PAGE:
Anonymous says that "All [several millions of] Jews then perceived G-d and perceived that Moses was His prophet and therefore believed the Torah which G-d gave to Moses on Har Sinai."

Well, yes; and then again, no.

20:18 And all the people saw the thunderings, and the lightnings, and the noise of the trumpet, and the mountain smoking: and when the people saw it, they removed, and stood afar off.

20:19 And they said unto Moses, Speak thou with us, and we will hear: but let not God speak with us, lest we die.

What these hypothetical several millions of Jews percieved, on the evidence of the Pentatauch, was lightning, fire, and smoke, accompanied by the sounds of thunder and trumpets. The watchers then decided that
(a) that was what they would see if G-d was in fact present
(b) that perceptions compatible with the presence of G-d were evidence of the presence of G-d.
As someone who has been around the odd bushfire, my interpretation of the same evidence is otherwise. In any case, though, it's absolutely clear that all interpretation of (let us concede for the sake of argument) the presence of G-d - interpretations dealing with such topics as whether, for example, Moses was the prophet of G-d or merely someone G-d wished to rebuke up close and personal, not to mention the 10 (or 600 odd) commandments) -- all these interpretations avowedly were heard by the Israelites from Moses and from Moses alone.
I really don't see how, even conceding the inerrancy of the events recorded in exodus, the age of the earth can be deduced from the fact that people once saw fire on a hill.

 
At 7:27 AM, Anonymous Anonymous said...

I watch this controversy with interest. There are some interesting comments I'd like to point out. First of all, the water from Noah's flood, according to some sources, was what caused the aging processes on the matter and bones used to "prove" that the world is millions-billions of years old. Also the medrash-a commentary on the Torah, states that G-d created several worlds and destroyed them before creating the earth and being satisfied. Also, for those of you who'd like to know what the latest research is in the science world and it actually coincides and validates all that we know already from the Torah, you can check out a fascinating website called www.beyond the ordinary.net and Bruce Lipton, who is a cellular biolgist, and was a medical university professor before he learned the truth beneath the facade, will open your eyes to a lot of FACTS, such as Life doesn't just happen by "accident". You are not here by " chance", etc. I challenge all the atheists to check it out. Life might be much MORE intriguing and positive after you hear what he has to say. Being an Atheist , in essence is being a VICTIM all your life. That's pretty depressing , to say the least.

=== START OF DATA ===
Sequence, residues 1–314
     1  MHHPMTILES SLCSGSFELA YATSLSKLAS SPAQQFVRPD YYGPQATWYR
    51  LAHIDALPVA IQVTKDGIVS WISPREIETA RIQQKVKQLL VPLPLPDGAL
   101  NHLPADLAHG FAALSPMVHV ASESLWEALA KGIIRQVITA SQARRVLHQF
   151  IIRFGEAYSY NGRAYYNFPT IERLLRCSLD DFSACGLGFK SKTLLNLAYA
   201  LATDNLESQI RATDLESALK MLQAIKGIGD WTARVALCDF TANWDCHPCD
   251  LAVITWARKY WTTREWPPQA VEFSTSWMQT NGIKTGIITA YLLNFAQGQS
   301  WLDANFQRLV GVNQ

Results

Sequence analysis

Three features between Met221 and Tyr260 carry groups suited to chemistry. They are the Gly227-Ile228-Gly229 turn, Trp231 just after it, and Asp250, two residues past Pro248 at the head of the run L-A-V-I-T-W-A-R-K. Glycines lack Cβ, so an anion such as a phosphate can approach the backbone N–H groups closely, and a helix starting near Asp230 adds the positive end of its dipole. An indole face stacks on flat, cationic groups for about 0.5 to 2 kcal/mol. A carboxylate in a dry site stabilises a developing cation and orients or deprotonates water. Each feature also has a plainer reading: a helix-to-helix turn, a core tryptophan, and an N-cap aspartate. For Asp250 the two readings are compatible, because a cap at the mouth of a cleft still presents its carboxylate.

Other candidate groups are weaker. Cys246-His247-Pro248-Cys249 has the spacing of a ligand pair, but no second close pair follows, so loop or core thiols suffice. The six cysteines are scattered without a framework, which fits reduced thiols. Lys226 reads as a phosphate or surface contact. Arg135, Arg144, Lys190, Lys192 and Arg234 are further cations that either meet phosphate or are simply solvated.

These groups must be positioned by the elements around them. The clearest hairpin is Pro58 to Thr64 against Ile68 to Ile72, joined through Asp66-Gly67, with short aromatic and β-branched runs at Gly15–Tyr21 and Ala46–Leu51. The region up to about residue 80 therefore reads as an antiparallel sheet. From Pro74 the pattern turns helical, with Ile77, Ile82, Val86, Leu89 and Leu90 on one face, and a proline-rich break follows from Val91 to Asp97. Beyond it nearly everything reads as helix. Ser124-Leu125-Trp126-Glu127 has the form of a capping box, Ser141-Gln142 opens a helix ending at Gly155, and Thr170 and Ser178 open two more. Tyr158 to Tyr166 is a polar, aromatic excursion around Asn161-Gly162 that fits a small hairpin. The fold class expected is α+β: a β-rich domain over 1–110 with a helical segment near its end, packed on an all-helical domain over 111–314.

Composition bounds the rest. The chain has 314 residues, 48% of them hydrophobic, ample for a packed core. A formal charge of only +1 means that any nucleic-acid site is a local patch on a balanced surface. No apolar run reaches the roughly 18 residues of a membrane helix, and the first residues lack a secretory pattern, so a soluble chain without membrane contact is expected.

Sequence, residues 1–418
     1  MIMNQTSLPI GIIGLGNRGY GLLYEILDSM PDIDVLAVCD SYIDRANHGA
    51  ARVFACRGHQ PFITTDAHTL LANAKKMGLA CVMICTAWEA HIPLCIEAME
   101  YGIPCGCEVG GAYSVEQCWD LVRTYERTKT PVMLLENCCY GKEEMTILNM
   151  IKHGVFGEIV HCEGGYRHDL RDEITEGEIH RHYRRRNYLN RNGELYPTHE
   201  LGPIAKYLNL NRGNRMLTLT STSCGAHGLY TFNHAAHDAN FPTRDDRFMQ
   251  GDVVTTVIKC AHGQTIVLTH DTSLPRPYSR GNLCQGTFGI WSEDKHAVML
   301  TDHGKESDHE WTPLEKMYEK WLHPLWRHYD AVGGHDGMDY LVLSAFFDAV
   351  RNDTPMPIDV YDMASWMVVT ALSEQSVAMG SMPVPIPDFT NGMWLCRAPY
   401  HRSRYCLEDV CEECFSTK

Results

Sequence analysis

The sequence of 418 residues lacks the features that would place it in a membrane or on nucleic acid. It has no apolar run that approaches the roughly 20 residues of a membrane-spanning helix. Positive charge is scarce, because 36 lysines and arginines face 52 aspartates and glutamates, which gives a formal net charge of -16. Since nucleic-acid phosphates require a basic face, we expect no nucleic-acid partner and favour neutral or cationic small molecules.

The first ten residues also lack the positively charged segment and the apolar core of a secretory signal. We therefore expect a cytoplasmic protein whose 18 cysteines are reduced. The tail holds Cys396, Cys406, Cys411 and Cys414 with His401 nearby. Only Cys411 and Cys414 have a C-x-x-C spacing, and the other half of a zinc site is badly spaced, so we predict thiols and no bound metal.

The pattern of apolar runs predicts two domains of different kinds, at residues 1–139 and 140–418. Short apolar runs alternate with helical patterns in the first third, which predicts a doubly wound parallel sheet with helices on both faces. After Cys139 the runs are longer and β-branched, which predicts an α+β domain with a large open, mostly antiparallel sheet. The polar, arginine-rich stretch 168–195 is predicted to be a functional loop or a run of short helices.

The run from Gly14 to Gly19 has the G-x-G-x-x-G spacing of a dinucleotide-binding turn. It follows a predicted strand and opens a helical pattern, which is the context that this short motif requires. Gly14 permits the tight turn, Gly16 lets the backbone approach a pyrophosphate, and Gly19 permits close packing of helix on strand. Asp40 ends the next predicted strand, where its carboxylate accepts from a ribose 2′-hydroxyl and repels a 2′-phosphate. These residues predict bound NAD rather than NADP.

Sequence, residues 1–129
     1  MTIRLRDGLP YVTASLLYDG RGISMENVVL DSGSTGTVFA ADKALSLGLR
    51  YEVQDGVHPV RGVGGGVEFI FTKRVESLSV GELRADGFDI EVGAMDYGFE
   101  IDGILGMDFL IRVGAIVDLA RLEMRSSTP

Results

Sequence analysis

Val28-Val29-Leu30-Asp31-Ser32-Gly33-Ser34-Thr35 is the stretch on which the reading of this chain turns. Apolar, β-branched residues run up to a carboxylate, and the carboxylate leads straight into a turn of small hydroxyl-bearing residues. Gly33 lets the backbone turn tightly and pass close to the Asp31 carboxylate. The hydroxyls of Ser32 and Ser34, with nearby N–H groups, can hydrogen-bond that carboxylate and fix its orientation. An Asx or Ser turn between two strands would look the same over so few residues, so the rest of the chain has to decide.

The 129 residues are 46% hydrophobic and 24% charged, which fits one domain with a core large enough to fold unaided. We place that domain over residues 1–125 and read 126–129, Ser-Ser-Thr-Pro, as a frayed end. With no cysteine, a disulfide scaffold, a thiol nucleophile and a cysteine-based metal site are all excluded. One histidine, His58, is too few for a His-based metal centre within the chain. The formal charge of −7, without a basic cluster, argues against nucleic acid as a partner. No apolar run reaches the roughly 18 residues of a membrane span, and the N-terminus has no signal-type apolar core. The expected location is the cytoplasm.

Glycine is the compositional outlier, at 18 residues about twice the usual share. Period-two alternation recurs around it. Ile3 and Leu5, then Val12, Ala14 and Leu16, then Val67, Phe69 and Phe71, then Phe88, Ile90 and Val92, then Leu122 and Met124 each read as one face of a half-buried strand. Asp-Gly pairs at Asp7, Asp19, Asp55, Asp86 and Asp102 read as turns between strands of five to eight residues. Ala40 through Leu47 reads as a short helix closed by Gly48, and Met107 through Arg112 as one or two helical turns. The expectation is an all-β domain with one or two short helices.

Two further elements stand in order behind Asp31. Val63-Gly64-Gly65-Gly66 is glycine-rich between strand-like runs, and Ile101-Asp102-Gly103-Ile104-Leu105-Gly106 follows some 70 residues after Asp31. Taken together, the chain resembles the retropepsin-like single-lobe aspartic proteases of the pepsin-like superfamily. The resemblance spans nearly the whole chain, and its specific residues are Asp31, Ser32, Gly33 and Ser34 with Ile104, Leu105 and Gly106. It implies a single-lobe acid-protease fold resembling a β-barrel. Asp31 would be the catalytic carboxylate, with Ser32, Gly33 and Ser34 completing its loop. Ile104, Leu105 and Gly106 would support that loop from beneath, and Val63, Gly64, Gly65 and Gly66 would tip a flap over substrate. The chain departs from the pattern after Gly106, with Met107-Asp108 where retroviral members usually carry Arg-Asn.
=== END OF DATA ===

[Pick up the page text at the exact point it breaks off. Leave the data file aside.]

Hope this helps at least one person ,open their eyes.

 
At 3:07 PM, Anonymous Historyrabbi said...

Already, I don't like speaking from authority, since I generally do not feel myself to have any, but I should point out that I function in my community as a "rebbe", which is to say Talmud teacher in a local Orthodox school. I can state unequivocally that "anonymous" may reflect a perspective, but it is not a perspective which is to be found in every segment of the Orthodox community. As Godol Hador pointed out, the Orthodox community is far from monolothic on this issue. This does NOT mean that all Orthodox scholars agree in theory but disagree concerning the ban, but rather that Orthodox scholars do not agree in theory either (R. Hirsch, one of the 19th century luminaries was very clear in not seeing Darwinian theory as contrary to the Torah, as was R. Kook). Moreover, Maimonides understanding of Genesis is far from the literal understanding which "anonymous" possesses. I would strongly discourage anyone from taking his words overly seriously (I do not doubt that he is well intentioned, but that does not make him a scholar, and even if he is one--which I think unlikely in his describing the midrash as a commentary, when in fact there is no single work called "The midrash"--this does not make him authoritative, far greater voices disagree).

 
At 4:38 AM, Blogger Shalom said...

It seems to me that present- day Jewish thinkers need to confront the challenges modern scientific and technological developments present to the Jewish way of seeing and thinking about the world.
Hiding away from scientific evidence seems to me totally in contradiction to the true Jewish desire to know G'd's creation- to understand it. This I believe is the spirit in which the Rambam approached the world of knowledge and learning of his time which were outside of traditional Jewish texts.